The Derwent Estuary catchment covers 8500 km2, which is the entirety of the Derwent River drainage basin.
The source is Lake St Clair in the north-west near Derwent Bridge and the main sub-systems in the catchment are the Derwent, Ouse, Clyde and Jordan Rivers.
The Derwent estuary itself extends from New Norfolk to the Iron Pot lighthouse off South Arm and covers approx 200 km2 adjacent to the Hobart metropolitan area.
Values to be protected
The Derwent estuary is an important and productive ecosystem and supports a wide range of habitats and species. Nearly 40% of Tasmania's population lives around the estuary's margins and the Derwent is widely used for recreation, boating, recreational fishing, marine transportation and industry. Further upstream, the Derwent River supplies the majority of the region's drinking water supply and is a major source of hydro-electric power.
- Pitt Water-Orielton Lagoon
- Interlaken (Lake Crescent)
- River Derwent, Goulds Lagoon are identified in the Directory of Wetlands of National Importance
Water quality issues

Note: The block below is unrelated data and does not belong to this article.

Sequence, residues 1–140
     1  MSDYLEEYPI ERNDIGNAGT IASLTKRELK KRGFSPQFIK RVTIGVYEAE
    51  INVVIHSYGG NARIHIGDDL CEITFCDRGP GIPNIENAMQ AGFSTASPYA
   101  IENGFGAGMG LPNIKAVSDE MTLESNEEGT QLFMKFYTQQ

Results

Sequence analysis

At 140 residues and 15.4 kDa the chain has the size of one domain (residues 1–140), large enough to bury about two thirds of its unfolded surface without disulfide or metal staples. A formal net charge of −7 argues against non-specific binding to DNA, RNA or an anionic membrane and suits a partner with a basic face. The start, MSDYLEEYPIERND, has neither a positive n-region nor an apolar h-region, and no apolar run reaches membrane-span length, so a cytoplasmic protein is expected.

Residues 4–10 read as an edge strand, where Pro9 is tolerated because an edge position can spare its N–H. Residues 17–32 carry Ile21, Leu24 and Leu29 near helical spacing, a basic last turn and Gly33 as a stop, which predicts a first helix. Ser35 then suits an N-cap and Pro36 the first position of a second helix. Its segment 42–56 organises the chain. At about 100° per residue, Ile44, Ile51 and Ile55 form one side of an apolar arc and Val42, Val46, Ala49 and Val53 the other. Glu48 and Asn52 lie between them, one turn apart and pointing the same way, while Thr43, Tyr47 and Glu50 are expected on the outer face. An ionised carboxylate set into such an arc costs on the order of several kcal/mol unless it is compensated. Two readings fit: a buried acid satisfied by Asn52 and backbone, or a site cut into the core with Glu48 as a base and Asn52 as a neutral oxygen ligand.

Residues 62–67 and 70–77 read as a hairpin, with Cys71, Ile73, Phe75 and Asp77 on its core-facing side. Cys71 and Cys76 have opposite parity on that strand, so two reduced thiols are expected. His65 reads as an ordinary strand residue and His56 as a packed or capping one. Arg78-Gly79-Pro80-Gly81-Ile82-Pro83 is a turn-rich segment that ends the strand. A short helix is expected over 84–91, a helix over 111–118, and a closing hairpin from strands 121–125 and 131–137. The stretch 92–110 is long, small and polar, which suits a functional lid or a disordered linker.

A number of environmental issues affect the Derwent Estuary, in particular:
- heavy metal contamination of sediments and biota;
- elevated nutrients, organic-rich sediments and locally depressed oxygen levels;
- occasional faecal contamination of recreational waters;
- altered environmental flows and physical barriers to fish migration;
- introduced marine pests and weeds; and
- loss and degradation of estuarine habitat and species.
Key water quality improvement projects
Key stakeholders / agencies
- Derwent Estuary Program - a partnership between the Tasmanian State Government, the six councils that border on the estuary (Brighton, Clarence, Derwent Valley, Glenorchy, Hobart and Kingborough) and four industry partners (Hobart Water, Norske Skog Boyer, Nyrstar Hobart and TasPorts).